The NSW Chief Health Officer will provide advice during the environmental impact assessment phase on whether monitoring of health impacts is appropriate. The need for and validity of ground level concentrations of pollutants will also be assessed during the environmental impact assessment. 

44. What value is EPA licensing if licence requirements are substantially the same as planning conditions?

The licence and the Protection of the Environment Operations Act 1997 requires public reporting of air quality monitoring results. The EPA can also vary licence conditions and impose pollution reduction programs and other requirements in the future, if justified, for example based on monitoring results.

Cement or lime handling

45. Why have concrete batching plants been excluded from the cement or lime handling scheduled activity?

Cement and lime are raw materials for making concrete and handling those materials is an integral part of concrete batching. Many concrete batching plants handle such quantities of cement or lime that they trigger the requirement to hold a licence under the ‘cement or lime handling’ activity in clause 6 of Schedule 1 of the Protection of the Environment Operations Act 1997.

The current method of regulating concrete batching plants is effective. Excluding concrete batching plants from cement or lime handling reduces the administrative burden of reviewing and managing approximately 50-80 additional licences, for the EPA and concrete batching plants.

46. How are concrete batching plants regulated?

Concrete batching plants are considered low environmental risk and are effectively regulated by the EPA outside of the licensing framework by using inspections, clean-up notices, prevention notices, penalty notices and prosecutions. Licencing concrete batching plants would divert EPA regulatory resources from higher risk activities with little improvement in environmental outcomes.

Contaminated soil treatment

47. Why has the definition of contaminated soil treatment changed?

It was unclear whether the previous definition of contaminated soil treatment included the treatment of contaminated sediments. Changing the definition removed this uncertainty and ensures that projects involving the remediation of contaminated sediments can be licensed under the contaminated soil treatment scheduled activity.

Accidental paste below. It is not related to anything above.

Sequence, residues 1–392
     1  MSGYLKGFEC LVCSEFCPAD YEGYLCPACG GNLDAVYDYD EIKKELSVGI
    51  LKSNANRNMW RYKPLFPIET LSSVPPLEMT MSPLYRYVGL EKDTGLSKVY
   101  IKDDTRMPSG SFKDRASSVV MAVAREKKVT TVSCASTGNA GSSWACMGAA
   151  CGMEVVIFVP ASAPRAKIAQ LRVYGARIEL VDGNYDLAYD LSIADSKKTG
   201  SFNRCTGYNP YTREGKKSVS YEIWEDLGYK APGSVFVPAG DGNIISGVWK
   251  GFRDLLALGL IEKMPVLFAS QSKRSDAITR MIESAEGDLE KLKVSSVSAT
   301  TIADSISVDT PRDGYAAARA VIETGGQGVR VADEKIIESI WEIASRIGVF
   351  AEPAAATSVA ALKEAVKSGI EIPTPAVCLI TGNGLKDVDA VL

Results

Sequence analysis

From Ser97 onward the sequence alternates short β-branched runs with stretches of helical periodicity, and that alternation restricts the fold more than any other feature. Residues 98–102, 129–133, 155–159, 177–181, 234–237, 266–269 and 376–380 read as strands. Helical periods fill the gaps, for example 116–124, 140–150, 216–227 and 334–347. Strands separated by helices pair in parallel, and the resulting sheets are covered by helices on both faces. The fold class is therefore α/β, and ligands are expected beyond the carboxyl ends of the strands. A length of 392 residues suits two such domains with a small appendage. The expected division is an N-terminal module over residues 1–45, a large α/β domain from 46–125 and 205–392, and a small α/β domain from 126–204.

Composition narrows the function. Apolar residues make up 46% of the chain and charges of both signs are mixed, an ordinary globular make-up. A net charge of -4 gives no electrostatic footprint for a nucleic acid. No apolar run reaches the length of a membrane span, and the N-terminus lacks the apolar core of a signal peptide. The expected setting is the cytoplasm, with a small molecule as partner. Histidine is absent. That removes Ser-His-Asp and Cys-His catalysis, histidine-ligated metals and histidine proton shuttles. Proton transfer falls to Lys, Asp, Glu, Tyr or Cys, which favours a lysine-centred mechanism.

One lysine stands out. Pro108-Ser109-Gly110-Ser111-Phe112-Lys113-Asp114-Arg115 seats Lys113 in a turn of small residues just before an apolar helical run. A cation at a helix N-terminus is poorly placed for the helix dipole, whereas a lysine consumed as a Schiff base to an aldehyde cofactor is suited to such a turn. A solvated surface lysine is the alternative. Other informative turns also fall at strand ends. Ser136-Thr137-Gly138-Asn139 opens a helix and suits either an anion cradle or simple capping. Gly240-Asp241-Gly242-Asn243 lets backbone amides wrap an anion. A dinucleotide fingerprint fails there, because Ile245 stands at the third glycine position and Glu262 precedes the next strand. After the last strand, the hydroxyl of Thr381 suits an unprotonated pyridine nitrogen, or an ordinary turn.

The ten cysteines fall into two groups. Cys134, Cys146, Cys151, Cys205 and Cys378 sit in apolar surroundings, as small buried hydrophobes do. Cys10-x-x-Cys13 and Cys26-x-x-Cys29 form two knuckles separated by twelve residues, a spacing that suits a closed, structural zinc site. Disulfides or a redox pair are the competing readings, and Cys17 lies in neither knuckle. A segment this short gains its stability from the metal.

48. What is the impact of this change to the definition of contaminated soil treatment?

Clarifying the definition will not result in any change to the current practice of licensing projects involving the remediation of contaminated sediments as contaminated soil treatment projects.

If the definition had not been clarified, the previous level of confusion as to whether sediment remediation projects need to be licensed for contaminated soil treatment or for waste processing is likely to have continued. Contaminated sediment, like contaminated soil, is a result of past activity at a site and the treatment approaches for contaminated sediments are generally different from waste processing activities.

Petroleum products and fuel production

49. Why has the definition of petroleum products and fuel production changed?

The previous definition of petroleum products and fuel production excluded the blending of ethanol or biodiesel at fuel storage terminals. Some operators also blend small quantities of other substances with fuel at locations such as service stations. This is likely to increase.

The storage and handling of fuel and fuel additives at service stations is already governed by existing legislation including the Dangerous Goods (Road and Rail Transport) Act 2008, the Protection of the Environment Operations (Underground Petroleum Storage Systems) Regulation 2014, and the Protection of the Environment Operations (Clean Air) Regulation 2010.

The EPA considers that blending of fuel additives with fuel at service stations will not result in any appreciable change in the impacts to public health or the environment, that are already present and regulated at fuel service stations.

50. What is the impact of this change to petroleum products and fuel production?

Service stations will not be required to hold licences to blend small quantities of fuel additives with fuel. The EPA expects more service stations may sell fuel blended with additives in the future. Service stations will continue to operate under current regulatory arrangements.